Software Technologies for Wireless
Communication and Multimedia
Progress Report: January 1, 2001June 30, 2001
Stephen Garland, John Guttag, and David Karger
This project is developing flexible and adaptive communications and computation systems that adapt easily to user and application requirements, which may not be know at design time, as well as to dynamically changing communication channel conditions.
Progress Through June 2001
Over the last six months we have changed the focus of this project from SpectrumWare, with an emphasis on software radios, to ORNet, with an emphasis on medical instrumentation, computation, and communication, as described in our recent proposal to NTT, ORNET: A Network for the Operating Room of the Future.
We have devoted considerable effort to establishing collaborative links with clinicians. We are working closely now with several physicians at the Center for Innovation of Medicine and Innovative Technology (CIMIT, www.cimit.org). Recently we have also begun to collaborate with clinicians at Children's Hospital.
Our main technical accomplishment has been the design of a communications infrastructure linking medical sensors and actuators. The architecture builds on work done previously on two NTT-sponsored projects, SpectrumWare and Wind. We wrote a design document, and a prototype implementation is now nearly complete. We have already constructed demonstrations of parts of the system, and we expect to have an integrated demonstration running this fall.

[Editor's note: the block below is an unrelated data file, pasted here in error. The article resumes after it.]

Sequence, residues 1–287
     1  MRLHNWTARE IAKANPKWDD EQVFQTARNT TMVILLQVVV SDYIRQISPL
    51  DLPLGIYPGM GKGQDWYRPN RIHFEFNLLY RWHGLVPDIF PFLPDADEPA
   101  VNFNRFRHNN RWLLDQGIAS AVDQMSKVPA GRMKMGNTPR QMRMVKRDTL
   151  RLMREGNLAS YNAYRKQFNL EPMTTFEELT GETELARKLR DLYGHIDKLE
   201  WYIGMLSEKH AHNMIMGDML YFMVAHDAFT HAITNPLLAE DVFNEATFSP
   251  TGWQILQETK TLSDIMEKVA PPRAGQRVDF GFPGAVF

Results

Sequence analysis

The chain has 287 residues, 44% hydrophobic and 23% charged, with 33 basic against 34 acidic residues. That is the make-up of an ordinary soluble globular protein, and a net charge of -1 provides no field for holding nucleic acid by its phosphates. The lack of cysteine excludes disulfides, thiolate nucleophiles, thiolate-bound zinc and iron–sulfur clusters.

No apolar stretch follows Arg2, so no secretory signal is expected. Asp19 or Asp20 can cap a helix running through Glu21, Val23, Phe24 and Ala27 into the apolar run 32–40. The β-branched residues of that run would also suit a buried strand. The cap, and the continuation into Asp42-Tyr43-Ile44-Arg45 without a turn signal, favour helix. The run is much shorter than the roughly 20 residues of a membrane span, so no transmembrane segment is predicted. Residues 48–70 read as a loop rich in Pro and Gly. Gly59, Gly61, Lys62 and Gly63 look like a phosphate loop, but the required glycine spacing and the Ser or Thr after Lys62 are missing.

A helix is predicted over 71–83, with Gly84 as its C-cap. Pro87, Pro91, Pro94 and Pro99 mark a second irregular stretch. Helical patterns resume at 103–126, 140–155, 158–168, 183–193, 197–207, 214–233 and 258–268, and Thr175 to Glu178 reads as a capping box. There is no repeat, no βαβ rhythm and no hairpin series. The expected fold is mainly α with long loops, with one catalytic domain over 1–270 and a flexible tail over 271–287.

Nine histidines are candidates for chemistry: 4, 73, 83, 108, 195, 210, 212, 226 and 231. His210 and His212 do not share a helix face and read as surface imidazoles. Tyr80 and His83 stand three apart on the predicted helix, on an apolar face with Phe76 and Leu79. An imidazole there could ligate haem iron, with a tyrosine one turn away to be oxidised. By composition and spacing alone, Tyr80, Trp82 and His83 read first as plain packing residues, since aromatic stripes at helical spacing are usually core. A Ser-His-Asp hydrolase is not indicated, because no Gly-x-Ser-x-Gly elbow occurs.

We have also been developing SpectrumWare-like medical sensors in which all of the signal processing is done in software. To this end we acquired and disassembled a sophisticated electronic stethoscope. We separated the sensor from the rest of the stethoscope, and we have begun to reverse engineer the hardware used to process the signals generated by the sensor. This has proved more difficult than we had expected, but we are making steady progress.
We also built a drug infusion pump that can be controlled over a network. We started with a commercial pump and replaced the manual controls by a network interface. We then built a GUI that can be used to monitor the state of the pump and control its behavior.
Research Plan for the Next Six Months
Our primary goal is to build a prototype system that can serve as a proof of concept for our approach to building integrated medical systems using conventional computing and networking hardware. More specifically we plan to do the following: